Ever wondered what your child’s day is really like at kindergarten? 







BBC Channel Four’s The Secret Life of 4 Year Olds explores the thrills and spills associated with a group of four year olds from all different backgrounds pulled together in a preschool environment with the support of teachers when necessary.


It follows ten British children as they learn to make friends, share trikes and face tricky situations like formulating lies after recognising their misbehaviour (a surprisingly positive sign for brain development!).


Some might consider it all a bit of a mad science experiment being played out on children as their actions are filmed, observed and analysed by child psychologists. But it can be a fascinating watch for parents with children at kindergarten, with youngsters not yet at kindergarten age, or those transitioning into their first few years at school, to know the kind of issues that today’s tamariki face in the playground.


In many ways it replicates a kindergarten environment – the free, independent play, the range of activites available to engage in, a diverse group of children to build relationships with, and the central role of teachers and structure in supporting children’s play.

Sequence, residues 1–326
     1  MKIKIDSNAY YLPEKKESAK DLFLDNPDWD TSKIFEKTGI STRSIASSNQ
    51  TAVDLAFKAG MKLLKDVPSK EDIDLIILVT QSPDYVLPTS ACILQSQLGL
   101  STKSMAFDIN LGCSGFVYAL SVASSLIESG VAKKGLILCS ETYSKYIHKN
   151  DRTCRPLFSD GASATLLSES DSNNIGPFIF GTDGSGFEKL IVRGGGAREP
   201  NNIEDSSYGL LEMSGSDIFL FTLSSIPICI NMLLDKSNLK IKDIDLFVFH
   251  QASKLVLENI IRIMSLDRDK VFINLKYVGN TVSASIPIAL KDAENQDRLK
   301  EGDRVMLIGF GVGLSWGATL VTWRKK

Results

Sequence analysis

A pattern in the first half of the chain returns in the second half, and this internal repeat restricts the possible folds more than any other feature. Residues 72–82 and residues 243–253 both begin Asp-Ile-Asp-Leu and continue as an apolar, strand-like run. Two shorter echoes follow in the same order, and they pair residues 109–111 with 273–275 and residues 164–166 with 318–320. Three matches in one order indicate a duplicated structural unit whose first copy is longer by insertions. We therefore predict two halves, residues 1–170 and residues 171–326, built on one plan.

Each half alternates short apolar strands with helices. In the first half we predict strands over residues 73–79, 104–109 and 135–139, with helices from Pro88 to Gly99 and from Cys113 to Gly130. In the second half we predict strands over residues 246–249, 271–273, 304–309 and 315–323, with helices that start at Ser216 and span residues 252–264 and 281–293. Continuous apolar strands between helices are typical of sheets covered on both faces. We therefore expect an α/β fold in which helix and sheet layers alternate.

At kindergarten, our philosophy is that play is one key way young children learn skills and behaviour that they’ll use and build on as they grow, developing into further education. Kidsfirst children lead their own learning and are encouraged to solve problems among themselves where possible. 


At each of our centres, there are opportunities for inquisitive minds to jump in, boots and all, to a wide range of new experiences. Feeding and petting animals, building sand forts, clanging a tambourine while singing in a group, or figuring out the pieces to a puzzle – every learning style is unique and embraced.


Our world today is a technologically advanced, constantly evolving place, and we’re finding that although life and work are more autonomous than ever before, the need for interpersonal skills and emotional intelligence has never been so important. There is a lot more competitiion, pressure and stress that affects all of us – parents, children, teachers – but that time spent learning more about their curiosities is where tamariki find enjoyment and confidence – mastering new skills and becoming ready to be the trailblazers of their own adventure, wherever that may take them.


*Also in the television series are The Secret Life of 5 Year Olds, The Secret Life of Babies, and The Secret Life of 6 Year Olds – providing an interesting comparison into the different ways children handle learning and challenges over these six short, but critical years of their development.


**You can find out more about the programme with these links.




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